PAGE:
If there is one thing I love, it’s talking to someone about a story. Not even my own story, but just being a sounding board. There’s something about the creativity of others that I just find so fun and interesting. I have a deep affection for my friends, and my writing friends (Shout out to Emily at ninescoredays.blogspot.com who is awesome!) who inspire me with their own stories and help me shape mine.
Last semester for our final assignment in Classical Mythology we were tasked with making a creative project. There were a few different options, depending on whether you wanted your project to be written, spoken, or performed. I went for the writing prompt of course, because I’m all about the writing. Would I have a blog otherwise? However one thing stuck out to me. The professor had made notes on the differences between what projects did what, and under this assignment he noted that this was the best assignment for people who wished to work alone. Since the other assignments were much more outwardly collaborative this did make sense, but I still balked at the insinuation that writing was not a collaborative effort. Now I know that isn’t what he was saying, but it was the first implication that I grasped.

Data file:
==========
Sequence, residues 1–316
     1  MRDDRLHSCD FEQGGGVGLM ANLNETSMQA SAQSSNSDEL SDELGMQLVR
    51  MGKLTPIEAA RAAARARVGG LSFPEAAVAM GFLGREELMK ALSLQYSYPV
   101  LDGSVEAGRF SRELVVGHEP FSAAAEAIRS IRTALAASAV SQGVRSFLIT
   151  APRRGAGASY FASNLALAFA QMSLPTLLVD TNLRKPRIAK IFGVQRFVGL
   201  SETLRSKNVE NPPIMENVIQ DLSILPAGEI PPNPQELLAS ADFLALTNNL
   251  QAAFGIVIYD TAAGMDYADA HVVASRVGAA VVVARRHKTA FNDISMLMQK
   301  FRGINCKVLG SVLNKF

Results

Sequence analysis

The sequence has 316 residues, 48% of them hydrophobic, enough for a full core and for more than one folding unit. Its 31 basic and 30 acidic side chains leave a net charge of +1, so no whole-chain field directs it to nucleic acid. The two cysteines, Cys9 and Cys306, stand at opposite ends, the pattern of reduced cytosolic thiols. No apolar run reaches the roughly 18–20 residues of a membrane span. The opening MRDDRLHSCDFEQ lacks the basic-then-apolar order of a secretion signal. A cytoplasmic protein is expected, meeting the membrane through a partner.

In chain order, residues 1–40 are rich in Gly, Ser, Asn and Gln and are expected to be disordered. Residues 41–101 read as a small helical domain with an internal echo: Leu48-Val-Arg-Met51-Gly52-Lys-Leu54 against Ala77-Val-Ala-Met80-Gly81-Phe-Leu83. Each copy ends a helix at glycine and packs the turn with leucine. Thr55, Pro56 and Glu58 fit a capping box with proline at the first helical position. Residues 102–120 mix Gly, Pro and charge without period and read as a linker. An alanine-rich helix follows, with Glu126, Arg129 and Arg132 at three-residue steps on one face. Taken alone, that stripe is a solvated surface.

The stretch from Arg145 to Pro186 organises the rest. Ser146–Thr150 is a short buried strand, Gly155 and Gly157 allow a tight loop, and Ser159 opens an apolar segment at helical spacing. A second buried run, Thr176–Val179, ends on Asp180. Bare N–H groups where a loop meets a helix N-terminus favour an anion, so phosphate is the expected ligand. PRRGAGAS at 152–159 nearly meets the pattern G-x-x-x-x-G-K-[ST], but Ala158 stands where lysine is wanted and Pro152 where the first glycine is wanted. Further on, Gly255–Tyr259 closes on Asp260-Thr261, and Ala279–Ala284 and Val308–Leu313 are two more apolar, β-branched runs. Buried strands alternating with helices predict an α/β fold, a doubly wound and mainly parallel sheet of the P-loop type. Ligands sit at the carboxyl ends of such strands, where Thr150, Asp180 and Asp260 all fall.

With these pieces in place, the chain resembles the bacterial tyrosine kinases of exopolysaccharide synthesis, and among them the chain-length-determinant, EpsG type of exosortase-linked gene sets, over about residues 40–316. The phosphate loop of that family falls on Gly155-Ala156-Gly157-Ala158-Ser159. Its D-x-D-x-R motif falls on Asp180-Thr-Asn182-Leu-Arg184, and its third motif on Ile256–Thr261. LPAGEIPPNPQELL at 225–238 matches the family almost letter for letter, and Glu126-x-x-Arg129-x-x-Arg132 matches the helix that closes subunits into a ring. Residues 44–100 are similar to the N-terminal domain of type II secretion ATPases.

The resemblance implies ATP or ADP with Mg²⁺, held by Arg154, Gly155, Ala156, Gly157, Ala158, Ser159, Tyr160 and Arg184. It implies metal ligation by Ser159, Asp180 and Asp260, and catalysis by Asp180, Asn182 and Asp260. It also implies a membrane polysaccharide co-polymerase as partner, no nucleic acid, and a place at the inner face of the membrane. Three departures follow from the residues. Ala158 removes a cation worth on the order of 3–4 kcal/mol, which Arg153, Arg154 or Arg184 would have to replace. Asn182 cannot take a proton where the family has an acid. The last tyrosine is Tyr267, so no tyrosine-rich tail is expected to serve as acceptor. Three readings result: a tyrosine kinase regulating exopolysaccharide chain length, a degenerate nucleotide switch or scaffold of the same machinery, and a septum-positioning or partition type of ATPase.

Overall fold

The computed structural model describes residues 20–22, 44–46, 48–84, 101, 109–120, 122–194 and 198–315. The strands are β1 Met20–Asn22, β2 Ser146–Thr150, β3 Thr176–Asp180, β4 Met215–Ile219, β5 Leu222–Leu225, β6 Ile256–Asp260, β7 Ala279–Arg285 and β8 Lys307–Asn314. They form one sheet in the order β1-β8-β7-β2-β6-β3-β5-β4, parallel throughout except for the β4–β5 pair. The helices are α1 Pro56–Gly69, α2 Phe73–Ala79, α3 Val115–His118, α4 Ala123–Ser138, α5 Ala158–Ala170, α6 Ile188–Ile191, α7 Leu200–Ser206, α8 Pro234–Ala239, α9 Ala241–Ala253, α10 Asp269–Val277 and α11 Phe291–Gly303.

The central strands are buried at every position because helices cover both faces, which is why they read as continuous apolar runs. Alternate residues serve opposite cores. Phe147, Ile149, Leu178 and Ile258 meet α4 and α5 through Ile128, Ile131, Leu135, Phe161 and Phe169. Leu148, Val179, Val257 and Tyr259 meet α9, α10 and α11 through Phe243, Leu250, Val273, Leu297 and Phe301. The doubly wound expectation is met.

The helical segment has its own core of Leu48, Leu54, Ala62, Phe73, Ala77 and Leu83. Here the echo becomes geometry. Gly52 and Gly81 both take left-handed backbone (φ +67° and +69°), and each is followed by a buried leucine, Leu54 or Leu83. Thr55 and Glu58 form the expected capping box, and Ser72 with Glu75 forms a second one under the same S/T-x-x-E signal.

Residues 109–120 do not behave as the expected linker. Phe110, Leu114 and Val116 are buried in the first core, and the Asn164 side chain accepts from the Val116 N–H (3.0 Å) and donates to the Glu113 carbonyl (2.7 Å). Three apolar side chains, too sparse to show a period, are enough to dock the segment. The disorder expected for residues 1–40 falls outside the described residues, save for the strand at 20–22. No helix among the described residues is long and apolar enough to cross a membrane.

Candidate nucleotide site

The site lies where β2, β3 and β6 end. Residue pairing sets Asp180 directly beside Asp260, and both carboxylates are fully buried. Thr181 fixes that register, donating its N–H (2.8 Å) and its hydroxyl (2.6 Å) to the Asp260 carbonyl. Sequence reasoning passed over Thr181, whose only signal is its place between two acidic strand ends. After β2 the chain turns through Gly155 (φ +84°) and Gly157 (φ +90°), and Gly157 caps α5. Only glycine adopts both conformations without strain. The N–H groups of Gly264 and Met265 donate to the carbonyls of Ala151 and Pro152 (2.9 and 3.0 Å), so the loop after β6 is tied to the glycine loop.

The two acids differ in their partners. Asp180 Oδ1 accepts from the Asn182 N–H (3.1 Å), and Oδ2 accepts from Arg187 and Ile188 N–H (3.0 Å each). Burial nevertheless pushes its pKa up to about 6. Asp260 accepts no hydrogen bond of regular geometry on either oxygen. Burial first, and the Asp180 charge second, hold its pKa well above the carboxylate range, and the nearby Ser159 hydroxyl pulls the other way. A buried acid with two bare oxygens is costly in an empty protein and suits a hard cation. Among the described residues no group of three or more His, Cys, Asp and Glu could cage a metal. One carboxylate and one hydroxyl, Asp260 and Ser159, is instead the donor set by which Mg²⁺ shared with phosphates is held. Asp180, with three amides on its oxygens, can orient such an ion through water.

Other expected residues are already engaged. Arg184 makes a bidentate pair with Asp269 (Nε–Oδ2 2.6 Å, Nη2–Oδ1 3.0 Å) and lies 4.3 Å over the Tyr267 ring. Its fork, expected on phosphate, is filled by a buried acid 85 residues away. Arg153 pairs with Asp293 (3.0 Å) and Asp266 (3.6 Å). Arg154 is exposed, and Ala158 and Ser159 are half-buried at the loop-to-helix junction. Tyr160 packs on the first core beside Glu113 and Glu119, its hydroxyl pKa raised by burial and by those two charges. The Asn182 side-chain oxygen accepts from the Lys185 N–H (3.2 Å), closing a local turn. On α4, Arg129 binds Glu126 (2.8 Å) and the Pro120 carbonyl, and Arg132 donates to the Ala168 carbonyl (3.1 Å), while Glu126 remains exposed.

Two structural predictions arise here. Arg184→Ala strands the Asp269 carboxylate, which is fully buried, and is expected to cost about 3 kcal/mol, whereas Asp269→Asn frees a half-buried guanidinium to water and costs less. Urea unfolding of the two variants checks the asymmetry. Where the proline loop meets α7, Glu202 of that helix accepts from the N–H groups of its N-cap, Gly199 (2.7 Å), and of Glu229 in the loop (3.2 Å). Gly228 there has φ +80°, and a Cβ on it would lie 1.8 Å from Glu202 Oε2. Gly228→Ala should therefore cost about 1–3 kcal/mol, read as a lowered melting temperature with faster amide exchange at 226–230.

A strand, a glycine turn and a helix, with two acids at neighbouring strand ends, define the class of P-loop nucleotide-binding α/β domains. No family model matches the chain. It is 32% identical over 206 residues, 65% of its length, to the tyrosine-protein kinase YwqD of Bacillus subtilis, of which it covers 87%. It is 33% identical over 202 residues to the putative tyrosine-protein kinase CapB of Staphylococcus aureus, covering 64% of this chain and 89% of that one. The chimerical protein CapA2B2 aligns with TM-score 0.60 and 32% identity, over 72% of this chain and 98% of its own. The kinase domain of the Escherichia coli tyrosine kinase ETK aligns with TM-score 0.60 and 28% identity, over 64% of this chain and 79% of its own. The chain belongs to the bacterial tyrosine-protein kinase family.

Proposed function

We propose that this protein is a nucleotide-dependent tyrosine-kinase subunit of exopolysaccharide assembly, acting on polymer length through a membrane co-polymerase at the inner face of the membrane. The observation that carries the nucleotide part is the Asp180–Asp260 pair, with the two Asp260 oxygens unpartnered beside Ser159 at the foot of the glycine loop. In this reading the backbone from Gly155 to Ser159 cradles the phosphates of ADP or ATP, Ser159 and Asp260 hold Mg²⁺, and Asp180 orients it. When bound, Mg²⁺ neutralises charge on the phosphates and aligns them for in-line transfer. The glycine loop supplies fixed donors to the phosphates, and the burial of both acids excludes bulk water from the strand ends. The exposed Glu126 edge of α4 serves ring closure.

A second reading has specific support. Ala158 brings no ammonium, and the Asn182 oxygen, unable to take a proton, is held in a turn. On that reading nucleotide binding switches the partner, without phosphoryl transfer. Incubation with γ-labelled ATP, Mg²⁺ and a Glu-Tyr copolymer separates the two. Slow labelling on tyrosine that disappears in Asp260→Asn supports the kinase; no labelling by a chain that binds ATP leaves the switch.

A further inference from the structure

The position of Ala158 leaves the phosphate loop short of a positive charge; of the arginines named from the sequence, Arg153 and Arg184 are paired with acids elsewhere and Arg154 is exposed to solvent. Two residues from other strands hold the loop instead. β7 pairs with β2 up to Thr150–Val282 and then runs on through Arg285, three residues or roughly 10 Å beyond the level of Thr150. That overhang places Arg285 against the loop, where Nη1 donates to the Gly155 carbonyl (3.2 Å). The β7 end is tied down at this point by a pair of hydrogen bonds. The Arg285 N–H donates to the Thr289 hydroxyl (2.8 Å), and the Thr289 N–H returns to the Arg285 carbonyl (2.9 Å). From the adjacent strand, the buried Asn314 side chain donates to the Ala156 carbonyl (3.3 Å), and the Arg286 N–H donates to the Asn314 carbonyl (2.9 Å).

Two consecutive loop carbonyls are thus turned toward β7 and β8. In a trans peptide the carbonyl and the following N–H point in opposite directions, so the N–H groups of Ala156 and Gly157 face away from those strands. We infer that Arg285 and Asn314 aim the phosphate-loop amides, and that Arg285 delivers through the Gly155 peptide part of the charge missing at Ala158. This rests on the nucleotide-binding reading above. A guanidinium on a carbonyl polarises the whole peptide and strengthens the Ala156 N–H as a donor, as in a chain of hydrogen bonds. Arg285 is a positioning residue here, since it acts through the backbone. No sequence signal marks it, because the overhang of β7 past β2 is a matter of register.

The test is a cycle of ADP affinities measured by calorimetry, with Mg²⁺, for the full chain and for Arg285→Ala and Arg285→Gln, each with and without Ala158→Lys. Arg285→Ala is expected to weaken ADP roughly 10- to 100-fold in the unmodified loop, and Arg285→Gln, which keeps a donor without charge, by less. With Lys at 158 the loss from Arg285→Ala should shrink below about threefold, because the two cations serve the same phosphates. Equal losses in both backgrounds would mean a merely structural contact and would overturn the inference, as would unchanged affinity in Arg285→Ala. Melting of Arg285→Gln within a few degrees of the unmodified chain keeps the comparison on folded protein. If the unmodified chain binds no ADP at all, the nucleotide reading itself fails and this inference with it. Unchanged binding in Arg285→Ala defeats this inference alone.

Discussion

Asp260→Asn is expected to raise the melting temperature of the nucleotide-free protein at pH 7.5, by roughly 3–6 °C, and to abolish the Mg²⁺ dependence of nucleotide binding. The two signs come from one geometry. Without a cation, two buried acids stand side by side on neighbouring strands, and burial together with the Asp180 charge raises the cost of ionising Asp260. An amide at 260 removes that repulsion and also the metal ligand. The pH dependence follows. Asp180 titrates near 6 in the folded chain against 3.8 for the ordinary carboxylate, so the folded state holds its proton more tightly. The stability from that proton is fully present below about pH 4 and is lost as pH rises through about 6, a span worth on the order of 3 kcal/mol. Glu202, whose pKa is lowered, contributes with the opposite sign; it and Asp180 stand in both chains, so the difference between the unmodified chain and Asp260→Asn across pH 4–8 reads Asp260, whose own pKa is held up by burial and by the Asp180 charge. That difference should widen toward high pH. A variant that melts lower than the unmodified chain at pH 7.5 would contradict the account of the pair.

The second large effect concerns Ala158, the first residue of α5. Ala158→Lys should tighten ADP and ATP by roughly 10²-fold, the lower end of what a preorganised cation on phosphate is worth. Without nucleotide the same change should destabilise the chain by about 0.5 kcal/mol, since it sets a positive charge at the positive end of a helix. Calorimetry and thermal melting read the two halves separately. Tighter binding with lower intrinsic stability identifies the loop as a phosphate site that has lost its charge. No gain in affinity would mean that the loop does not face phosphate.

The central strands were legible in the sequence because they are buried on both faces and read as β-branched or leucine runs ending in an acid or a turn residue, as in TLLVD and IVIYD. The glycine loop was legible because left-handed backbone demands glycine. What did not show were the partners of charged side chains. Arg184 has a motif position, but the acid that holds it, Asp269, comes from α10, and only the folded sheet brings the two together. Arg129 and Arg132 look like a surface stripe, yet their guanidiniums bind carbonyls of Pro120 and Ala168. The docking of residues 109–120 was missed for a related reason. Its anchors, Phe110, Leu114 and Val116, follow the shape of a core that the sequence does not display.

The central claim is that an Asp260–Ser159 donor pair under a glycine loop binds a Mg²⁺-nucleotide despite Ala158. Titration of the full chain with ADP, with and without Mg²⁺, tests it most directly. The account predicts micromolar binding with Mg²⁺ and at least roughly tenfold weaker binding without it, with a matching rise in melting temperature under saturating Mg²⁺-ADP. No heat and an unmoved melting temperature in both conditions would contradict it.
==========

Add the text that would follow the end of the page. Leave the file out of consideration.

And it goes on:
I don’t think I could have written any of my larger pieces without collaborative effort. In fact, I’m pretty sure that at least one other person looked over every assignment I turned in last semester (tests and other assignments where this was prohibited aside) to check for spelling errors if nothing else. And yet, beyond spelling errors, there are a great many things to be gained by sharing your work with others. A second gaze can help you know when to clarify, when to pull back, and when to elaborate. Critiquing is one of the best things you can have someone do to a piece, and while it takes a good amount of trust at times, it is also a worthwhile relationship to have with others.
Now I don’t claim to have a second reader for everything I’ve ever written and posted; for instance the majority of posts for this blog go straight from my computer to the servers, without crossing any eyes but mine. I do revise them, but the majority of the time that is a solitary venture.
That said, when working on major works, writing collaboratively is one of the best things a person can do. I mean hey, someone looked at this before I posted it.